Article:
Day 5: Hancock MD to Harpers Ferry WV – 65 miles

Today started with a simple breakfast at the B&B. We got out early knowing our longest ride day lay ahead.  We wished Ben good bye, and chatted with Chris and Sarah about the trip to Harpers Ferry since they were heading there, too.


We began the day continuing on the Western Maryland Rail Trail for a few miles. Near its end, you can (should?) jump off and rejoin the C&O canal path.  We decided to go to the end, which takes you to a road that runs to the north side of Fort Frederick.  This was a really nice detour, but involved a pretty long and steady climb.  By the time we got to the top of the climb, we were out of breath.  However, we turned right and this took us on a long descent into the Fort Frederick park.

We didn’t intend to really spend any time in the park, we were just going to pass through on our way back to the C&O which passes by the southern park entrance. We parked our bikes and wandered into the fort to snap a quick picture.  A minute later, a park ranger came around the corner and enthusiastically gave us a quick tour and told us a lot about the fort.  He then asked if we had five minutes, and we said we did. He jogged off and grabbed some keys to open one of the barracks rooms.  He pulled aside the “don’t touch anything” gate and invited us in.  He gave us a really awesome overview of everything from the beds to the weapons.  He clearly enjoys his job and shared that joy with us.  What a nice surprise for us today!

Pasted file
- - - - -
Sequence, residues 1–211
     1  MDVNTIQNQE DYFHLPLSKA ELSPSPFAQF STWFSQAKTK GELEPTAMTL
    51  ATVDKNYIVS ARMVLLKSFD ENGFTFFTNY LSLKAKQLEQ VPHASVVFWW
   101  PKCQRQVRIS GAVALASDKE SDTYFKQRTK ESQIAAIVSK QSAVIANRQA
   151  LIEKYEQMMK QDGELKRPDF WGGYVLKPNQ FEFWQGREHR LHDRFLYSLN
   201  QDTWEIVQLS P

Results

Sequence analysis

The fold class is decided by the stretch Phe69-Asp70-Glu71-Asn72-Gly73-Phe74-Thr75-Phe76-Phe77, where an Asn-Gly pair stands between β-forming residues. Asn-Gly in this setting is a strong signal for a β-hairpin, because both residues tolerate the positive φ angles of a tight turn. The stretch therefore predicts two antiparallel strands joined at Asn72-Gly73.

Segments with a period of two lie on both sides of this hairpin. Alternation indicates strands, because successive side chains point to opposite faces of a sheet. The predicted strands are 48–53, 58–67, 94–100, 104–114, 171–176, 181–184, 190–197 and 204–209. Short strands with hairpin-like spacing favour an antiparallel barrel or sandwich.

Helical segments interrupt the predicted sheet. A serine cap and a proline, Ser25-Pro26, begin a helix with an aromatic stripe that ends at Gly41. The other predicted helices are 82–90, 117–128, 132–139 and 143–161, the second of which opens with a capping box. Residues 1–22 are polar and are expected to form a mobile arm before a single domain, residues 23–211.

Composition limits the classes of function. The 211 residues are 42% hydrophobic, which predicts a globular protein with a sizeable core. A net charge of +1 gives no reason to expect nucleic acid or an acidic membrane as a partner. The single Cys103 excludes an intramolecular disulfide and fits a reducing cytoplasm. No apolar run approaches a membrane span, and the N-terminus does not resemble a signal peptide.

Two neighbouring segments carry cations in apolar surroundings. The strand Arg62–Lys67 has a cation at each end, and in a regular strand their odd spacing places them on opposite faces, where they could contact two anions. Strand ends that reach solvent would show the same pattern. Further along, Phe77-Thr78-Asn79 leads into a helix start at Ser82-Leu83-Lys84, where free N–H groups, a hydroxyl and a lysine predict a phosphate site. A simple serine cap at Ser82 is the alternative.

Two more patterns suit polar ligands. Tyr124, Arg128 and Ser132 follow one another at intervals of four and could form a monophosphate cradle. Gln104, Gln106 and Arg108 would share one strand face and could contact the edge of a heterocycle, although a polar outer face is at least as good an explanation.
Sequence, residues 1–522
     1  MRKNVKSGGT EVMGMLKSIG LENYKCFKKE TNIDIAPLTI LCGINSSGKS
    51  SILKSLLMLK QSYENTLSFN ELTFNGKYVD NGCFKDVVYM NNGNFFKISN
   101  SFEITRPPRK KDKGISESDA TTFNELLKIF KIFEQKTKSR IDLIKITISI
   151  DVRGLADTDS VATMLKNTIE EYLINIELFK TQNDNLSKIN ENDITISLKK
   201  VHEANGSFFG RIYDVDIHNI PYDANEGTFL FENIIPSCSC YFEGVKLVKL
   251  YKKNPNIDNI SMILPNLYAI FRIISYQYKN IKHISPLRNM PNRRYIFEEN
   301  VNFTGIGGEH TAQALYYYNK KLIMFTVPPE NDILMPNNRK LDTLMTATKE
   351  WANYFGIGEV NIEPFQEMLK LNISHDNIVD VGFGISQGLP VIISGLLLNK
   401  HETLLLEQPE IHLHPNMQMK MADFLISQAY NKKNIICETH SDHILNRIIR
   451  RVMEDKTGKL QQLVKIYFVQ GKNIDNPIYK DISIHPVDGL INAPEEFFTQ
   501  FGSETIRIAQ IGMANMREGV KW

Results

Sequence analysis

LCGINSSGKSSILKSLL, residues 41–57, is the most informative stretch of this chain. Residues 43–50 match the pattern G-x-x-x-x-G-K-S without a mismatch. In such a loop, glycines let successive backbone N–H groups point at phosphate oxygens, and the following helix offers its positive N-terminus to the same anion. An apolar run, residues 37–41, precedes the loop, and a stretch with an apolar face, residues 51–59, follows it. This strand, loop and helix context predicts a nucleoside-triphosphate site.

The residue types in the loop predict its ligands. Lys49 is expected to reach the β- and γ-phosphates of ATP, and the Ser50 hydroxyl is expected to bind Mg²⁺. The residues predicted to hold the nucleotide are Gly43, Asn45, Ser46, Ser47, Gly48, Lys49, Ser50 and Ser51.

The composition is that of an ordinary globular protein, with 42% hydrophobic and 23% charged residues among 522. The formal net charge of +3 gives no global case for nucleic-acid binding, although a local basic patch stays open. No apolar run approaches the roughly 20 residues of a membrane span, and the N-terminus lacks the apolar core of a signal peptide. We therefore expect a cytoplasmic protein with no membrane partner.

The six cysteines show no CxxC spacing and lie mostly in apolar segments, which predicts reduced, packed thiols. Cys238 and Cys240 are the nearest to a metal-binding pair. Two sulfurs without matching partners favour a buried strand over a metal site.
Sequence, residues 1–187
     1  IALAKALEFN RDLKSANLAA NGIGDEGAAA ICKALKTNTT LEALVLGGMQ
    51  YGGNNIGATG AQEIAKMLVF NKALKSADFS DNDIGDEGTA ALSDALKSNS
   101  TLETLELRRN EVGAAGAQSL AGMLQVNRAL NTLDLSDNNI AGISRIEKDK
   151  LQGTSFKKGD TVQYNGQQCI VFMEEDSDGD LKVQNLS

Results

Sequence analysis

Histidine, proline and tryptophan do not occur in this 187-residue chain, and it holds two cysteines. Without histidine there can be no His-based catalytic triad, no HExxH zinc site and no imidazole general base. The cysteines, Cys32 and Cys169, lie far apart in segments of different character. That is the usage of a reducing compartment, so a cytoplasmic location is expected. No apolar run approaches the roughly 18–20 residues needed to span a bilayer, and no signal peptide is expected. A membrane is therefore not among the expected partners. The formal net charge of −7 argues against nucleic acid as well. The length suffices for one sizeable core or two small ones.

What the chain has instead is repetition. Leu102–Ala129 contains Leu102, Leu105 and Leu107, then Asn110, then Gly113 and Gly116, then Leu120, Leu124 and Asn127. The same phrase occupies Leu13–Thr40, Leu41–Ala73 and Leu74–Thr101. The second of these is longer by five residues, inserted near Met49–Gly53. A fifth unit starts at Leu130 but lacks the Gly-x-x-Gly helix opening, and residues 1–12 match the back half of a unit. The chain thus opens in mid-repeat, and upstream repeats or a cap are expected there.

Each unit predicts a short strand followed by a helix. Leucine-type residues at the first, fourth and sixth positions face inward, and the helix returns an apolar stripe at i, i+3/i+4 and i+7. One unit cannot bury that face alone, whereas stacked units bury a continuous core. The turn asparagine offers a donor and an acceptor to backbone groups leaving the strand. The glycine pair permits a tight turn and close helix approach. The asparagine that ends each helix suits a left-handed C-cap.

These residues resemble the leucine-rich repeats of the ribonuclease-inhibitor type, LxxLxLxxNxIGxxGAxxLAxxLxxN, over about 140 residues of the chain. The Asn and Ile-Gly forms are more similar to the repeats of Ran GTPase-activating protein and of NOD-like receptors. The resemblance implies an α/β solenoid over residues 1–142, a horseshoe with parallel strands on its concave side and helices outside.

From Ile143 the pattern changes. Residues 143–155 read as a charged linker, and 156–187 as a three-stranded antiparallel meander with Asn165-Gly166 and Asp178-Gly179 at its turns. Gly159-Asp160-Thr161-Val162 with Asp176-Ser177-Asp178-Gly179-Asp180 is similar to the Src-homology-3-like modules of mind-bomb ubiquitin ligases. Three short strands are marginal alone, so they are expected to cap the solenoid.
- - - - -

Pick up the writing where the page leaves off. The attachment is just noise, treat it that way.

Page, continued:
We jumped back on the bikes and pedaled on. Some beautiful scenery and many locks to see. It is very pretty, with a dash of history added in.  The C&O follows the Potomac river the entire length from Cumberland to DC.  You are never very far from the river, and for most of the trip, you are only a few feet away.




There are several dams along the Potomac.  They create large slack water areas and allow for water-power to be harnessed. In the past the water turned various kinds of mills.  Today, there is some hydro electric power being generated.  The most obvious impact, though, is that these slack water areas create huge recreation areas for boating and water-front parks and homes.

We stopped at dam 5, which was the scene of several attempts by Stonewall Jackson to destroy it during the civil war.  Watching the water spill over the dam, you get a real sense of the power behind the river. 


Our next stop was Williamsport MD for some food. We stopped in the Cushwa Coal building to look around.  Not really much to see.  However just before, I had stopped outside to eat a banana and snap a picture.  As we left, as if by divine intervention, Chris and Sarah showed up and hollered over. They had found my phone that I had set down.  Wow, that would have been a disaster if they had not shown up.  I am so thankful for good people whom God has sent my way.